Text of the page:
Trauma surgery: Ballistic trauma
In the third article in our series on trauma, Omar Mukhtar and Kirsten Jones explain how to assess and manage ballistic trauma
- By: Omar Mukhtar, Kirsten Jones
Ballistic trauma is a sad and tragic part of everyday life in many parts of the world, from South Africa to Palestine, from Afghanistan to the United States. Yet the perceived glamour of the gunshot wound lures many students to undertake an elective in trauma surgery. Here we explore the basics of ballistic trauma.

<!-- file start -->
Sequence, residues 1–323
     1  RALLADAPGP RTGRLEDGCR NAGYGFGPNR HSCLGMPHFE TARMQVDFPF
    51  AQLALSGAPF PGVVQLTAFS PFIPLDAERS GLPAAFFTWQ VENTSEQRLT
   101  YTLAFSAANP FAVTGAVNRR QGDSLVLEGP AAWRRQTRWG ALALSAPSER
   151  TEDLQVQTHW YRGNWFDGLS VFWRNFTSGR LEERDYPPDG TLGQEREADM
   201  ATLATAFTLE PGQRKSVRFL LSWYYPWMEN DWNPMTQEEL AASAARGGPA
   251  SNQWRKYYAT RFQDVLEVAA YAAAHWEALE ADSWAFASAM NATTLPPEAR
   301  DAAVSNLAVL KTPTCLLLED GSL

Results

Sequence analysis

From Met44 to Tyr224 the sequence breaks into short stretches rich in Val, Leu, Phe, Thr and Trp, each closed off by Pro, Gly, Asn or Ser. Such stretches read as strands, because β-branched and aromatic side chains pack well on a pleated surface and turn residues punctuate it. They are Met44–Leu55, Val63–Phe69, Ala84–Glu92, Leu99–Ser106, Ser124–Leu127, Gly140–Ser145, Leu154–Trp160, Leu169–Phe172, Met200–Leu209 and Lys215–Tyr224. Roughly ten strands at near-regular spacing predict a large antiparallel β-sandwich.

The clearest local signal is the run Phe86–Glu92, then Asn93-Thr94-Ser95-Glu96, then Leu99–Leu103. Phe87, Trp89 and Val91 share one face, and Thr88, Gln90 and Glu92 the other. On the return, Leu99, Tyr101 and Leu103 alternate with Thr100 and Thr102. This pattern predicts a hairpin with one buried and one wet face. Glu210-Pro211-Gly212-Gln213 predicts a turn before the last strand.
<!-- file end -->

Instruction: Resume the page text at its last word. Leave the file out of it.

Firearms are weapons that require an additional source of energy, usually provided by the ignition of a propellant to fire a projectile--for example, bullets or pellets. Firearms are classically divided into four groups (see box). When a firearm is discharged, a cloud of vapour (gas) and particulate matter (solid) is deposited nearby, on skin and clothes for example. Explosives--such as bombs and hand grenades--behave in a similar manner.
After resuscitation it is necessary to take a full history and complete a thorough examination. It is important to cover the specific points raised last month,1 which dealt